Janet Evanovich’s Stephanie Plum novels are a quirky series:  since the first book was published in 1994, the character seemingly hasn’t aged at all, but the times sure have changed.  There’s plenty of references to pop culture that would have been current at the time of each book’s publication.  In addition to making note of other recurring themes, my goal in blogging about this series is to keep track of just how much time did go by since the events in the first book.

Turbo Twenty-Three is, as the title suggests, the twenty-third novel in the main series and it was published November 15th, 2016.

Time references:

The story starts at “ten o’clock at night in mid-September”; Stephanie mentions that “for the past several years I’ve been tracking down Vinnie’s skips”, which confirms that at least “several years” have passed since the first novel.

The action takes place over approximately a week and a half.  Not all days are referenced according to day of the week, but if we use that together with the number of times it’s referenced that Stephanie goes to sleep for the night, we can identify the following days:  Day 1, Day 2, Day 3, Day 4, Day 5 (Friday), Day 6 (Saturday), [no action takes place on Sunday], Day 7 (Monday), Day 8, Day 9, Day 10.  Given this, the story appears to begin on a Monday, and end the following week on a Thursday.

The main mystery:

Who killed Arnold Zigler?  The Bogart Ice Cream company’s HR man was found frozen and covered in chocolate and chopped nuts in the back of an ice cream delivery van.  On top of chasing down skips, Stephanie is recruited by Ranger to investigate security at the ice cream plant.

FTAs:

  • Larry Virgil (highjacking an 18-wheeler filled with bourbon)
  • Simon Diggory (grave robbing — repeat offender)
  • Eugenie Winkle (assault with a deadly weapon)
  • Bernard Smitch (a mime that pooped in the middle of the street — obstruction of traffic and making a general nuisance of himself),
  • low-bond shop-lifter (never pursued)
  • Dottie Loosey (an alcoholic–arrested for armed robbery and assault with a deadly weapon)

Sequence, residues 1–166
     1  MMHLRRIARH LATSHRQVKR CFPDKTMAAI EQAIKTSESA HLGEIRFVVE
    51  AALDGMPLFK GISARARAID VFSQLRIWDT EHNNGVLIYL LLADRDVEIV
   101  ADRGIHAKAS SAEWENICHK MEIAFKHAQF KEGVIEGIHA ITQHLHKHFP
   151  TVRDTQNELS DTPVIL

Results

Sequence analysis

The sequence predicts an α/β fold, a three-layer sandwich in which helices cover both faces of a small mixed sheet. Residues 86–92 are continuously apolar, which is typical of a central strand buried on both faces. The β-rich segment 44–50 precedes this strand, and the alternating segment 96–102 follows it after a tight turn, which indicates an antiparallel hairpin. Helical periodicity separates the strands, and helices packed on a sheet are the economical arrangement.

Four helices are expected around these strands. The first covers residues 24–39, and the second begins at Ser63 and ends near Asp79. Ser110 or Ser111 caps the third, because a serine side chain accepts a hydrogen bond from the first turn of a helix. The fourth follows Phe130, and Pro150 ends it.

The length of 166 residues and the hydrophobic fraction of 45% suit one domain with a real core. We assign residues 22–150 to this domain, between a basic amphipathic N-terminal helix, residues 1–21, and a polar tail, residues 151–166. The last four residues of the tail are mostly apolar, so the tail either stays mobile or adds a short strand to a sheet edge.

• Benjamin Kwan (human trafficking)

Cast of (recurring) characters:

  • Bond agency employees: Vinnie, Lula, Connie
  • Stephanie’s family: Mom & Dad, Grandma Mazur

“She moved in when Grandpa moved into Hotel Heaven, and she never moved out.”

  • Pets: Bob the dog and Rex the hamster
  • Others: Eddie Gazarra, Randy Briggs, Mrs Delgado (Stephanie’s upstairs neighbour)

Team Morelli/Team Ranger:

The book starts with a summary of the current status of Stephanie’s relationship with Morelli: “a couple weeks ago, in a moment of euphoria, Morelli and I agreed to being engaged to be engaged”.

At this point in the series, Stephanie has a comfortable relationship with Morelli: they stay over at each others’ apartments, they know each other’s schedules.  At the same time, she is still letting Ranger kiss her.

Close to the end of the book, she ends up sleeping with Ranger after he points out that Morelli is stringing her along and is not likely to commit to her.  As Stephanie sees it:

“He avoided dinner with my parents so he didn’t have to talk about it. The subject never came up between us. Not even during intimate moments. Plus, there was the billiard table. Initially I thought he was saving his money to buy me a ring, but he bought the table with the money. Face facts, Stephanie, when a man is thinking about marriage and starting a family he doesn’t replace his dining-room table with a billiard table. Besides, I don’t even like billiards.” (p.270)

But soon after, by the end of the book, Stephanie is back to preferring a relationship with Morelli:

“Truth is, my relationship with Morelli was probably okay. It didn’t really matter that we weren’t engaged to be engaged right now. We cared about each other. We enjoyed being together. And maybe sometime in the future we’d move forward with the marriage and family thing. End of discussion.” (p.277)

Cars:

The book starts with Stephanie owning a ten-year-old Jeep Cherokee.

“I’d gotten the car on the cheap at Big Boomer’s Car Lot. It had survived a flood somewhere in the Midwest and was perfect if you didn’t count the electrical system and the slight scent of mold coming from the backseat.” (p.22)

The car suffers a minor accident about midway through the book when it crashes into a streetlight.  The car still runs so it’s not a true car death, but Stephanie ends up replacing it with a 2013 black Lexus GSF that she bought from Gaylord Brown, a friend of Lula’s in rural Pennsylvania.

“It was a great car. And even if it was stolen, chances were good that by the time the police caught up with me, the car would already have been flattened by a cement truck. My cars didn’t last all that long.” (p.171)

Near-death experiences:

As usual, Stephanie experiences some close calls:

  • the ice cream van she was just in blows up
  • she’s almost stabbed in her bed by an intruding clown
  • she’s almost frozen to death in a mortuary

Final thoughts:

I noticed while reading this book that Stephanie’s finances are no longer as dire as they had been at the beginning of the series. She has a MacBook, money for a new car, and at least some food in the fridge.

This book might also have one of the few times Stephanie’s dad says more than just grunt… when he gets super excited about the prospect of Grandma Mazur moving in with her new boyfriend.

Alternative covers:

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The paperback cover isn’t very different from the hardcover.
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I love the design of these UK edition covers.
 

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